[Tkinter-discuss] Hooking into custom Tcl/Tk Widgets fromTkinter (vis)

Fredrik Lundh fredrik at pythonware.com
Fri May 13 19:21:05 CEST 2005

"David King" <dking at nrao.edu> skrev i meddelandet news:4284C4A0.4030705 at nrao.edu...
> Thank you, Jeff, for your suggested code to send Tkinter's interpreter
> pointer into C++; along with Mr. Lundh's advice, you are helping me to piece
> together what I need to make my custom C++/Tk widget available in Tkinter.
> I still would like to hear from someone on how I'd invoke creation of my new
> custom widget and send it commands from python.  The C++ code registers
> callbacks for both these sorts of things with the Tcl interpreter, so that
> they become available as _Tcl/Tk_ commands.  But how can such commands be
> sent from python to Tkinter's Tcl/Tk interpreter?
> ------
> At the risk of putting too many questions in one email, I'll also mention
> the other main problem I'm wrestling with.  I need to understand the
> 'interactive' aspects of Tkinter--i.e., how _both_ the Tkinter gui(s) and
> python's sommand-line interpreter can remain 'live' at the same time, each
> responding to its own type of input.  I need my user to ba able to send
> commands to my widget via python commands as well as via gui input.  I know
> that matplotlib (esp. on top of Tkinter, and operated from the IPython
> shell) manages to do this, and the matplotlib folks seem to think Tkinter
> even has advantages over other widgetsets such as GTK for interactive use.
> In the most elementary Tkinter examples I run, however, I must give up all
> further python input when I enter tk.mainloop().
> IPython/matplotlib give hints that perhaps they manage the trick by creating
> a second thread for the Tkinter loop to run in.  That may be an ok solution,
> if I can truly understand where/how the one-thread-at-a-time-only locks need
> to be used (apparently both the python and Tcl interpreters each need such
> exclusivity; my widget library code will certainly need it as well).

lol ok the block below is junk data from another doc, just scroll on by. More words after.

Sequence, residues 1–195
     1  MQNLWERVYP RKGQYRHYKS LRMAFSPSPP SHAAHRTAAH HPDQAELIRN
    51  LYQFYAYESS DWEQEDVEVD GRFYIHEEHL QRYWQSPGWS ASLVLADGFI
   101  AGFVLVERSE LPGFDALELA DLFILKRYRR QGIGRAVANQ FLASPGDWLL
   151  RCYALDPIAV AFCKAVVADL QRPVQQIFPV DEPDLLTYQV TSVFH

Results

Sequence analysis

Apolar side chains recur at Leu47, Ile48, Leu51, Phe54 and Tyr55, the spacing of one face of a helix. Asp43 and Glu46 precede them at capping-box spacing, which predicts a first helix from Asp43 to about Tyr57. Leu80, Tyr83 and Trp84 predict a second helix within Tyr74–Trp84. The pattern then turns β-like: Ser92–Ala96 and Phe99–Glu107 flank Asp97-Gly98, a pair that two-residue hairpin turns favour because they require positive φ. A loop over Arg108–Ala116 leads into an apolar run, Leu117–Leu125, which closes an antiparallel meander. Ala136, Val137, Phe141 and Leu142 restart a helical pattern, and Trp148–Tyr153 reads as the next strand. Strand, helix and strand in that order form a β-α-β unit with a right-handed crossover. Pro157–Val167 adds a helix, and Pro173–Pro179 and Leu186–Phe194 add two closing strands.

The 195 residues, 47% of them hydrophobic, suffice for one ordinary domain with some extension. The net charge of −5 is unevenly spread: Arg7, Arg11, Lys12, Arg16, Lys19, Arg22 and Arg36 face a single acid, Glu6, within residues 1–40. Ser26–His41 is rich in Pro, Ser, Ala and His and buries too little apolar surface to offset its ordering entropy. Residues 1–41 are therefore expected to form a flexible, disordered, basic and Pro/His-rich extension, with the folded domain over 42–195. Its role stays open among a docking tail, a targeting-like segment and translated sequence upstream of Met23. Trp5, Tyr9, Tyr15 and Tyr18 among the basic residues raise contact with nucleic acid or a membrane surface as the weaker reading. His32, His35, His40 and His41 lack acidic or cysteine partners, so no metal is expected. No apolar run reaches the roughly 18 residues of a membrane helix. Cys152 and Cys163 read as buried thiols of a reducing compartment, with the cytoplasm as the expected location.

> Alternatively,... is there perhaps another way of merging the console and
> gui-event input streams, _without_ using more than one process/thread?
> All suggestions welcome.  (Is there a 'bible' that lays all this out?  I'm
> willing to spring for the book if necessary).
> David King
> Jeff Epler wrote:
> > On Fri, Apr 29, 2005 at 11:01:15AM -0600, David King wrote:
> >
> >>But let's leave WCK aside and just talk about plain Tkinter for the moment.
> >> I'd like to understand how my custom C++/Tk widget could make itself known
> >>in the usual Tkinter world.  On the C++ side, essentially all my Tcl/Tk API
> >>calls interact with a tcl interpreter handle ('Tcl_Interp*').  Presumably I
> >>need to get the one Tkinter uses, instead of creating an interpreter myself
> >>(and also to let Tkinter handle the event loop, rather than doing _that_
> >>myself).  I'm wondering how I get this handle from Tkinter.
> >
> >
> > Here is some "C" code that I have used for this purpose.
> >
> > // this code is in the public domain
> > static Tcl_Interp *get_interpreter(PyObject *tkapp) {
> >     long interpaddr;
> >     PyObject *interpaddrobj = PyObject_CallMethod(tkapp, "interpaddr", NULL);
> >     if(interpaddrobj == NULL) { return NULL; }
> >     interpaddr = PyInt_AsLong(interpaddrobj);
> >     Py_DECREF(interpaddrobj);
> >     if(interpaddr == -1) { return NULL; }
> >     return (Tcl_Interp*)interpaddr;
> > }
> >
> > 'PyObject *tkapp' is the thing returned by _tkinter.create(), and available as
> > the 'tk' attribute on all Tkinter widgets.
> >
> > This is not foolproof, because passing in an object like
> >     class K:
> >         interpaddr = 0
> > will soon lead to a crash.  But if you can trust the calling code to only pass in
> > "real" interpreters, it should work just fine.
> >
> > Jeff

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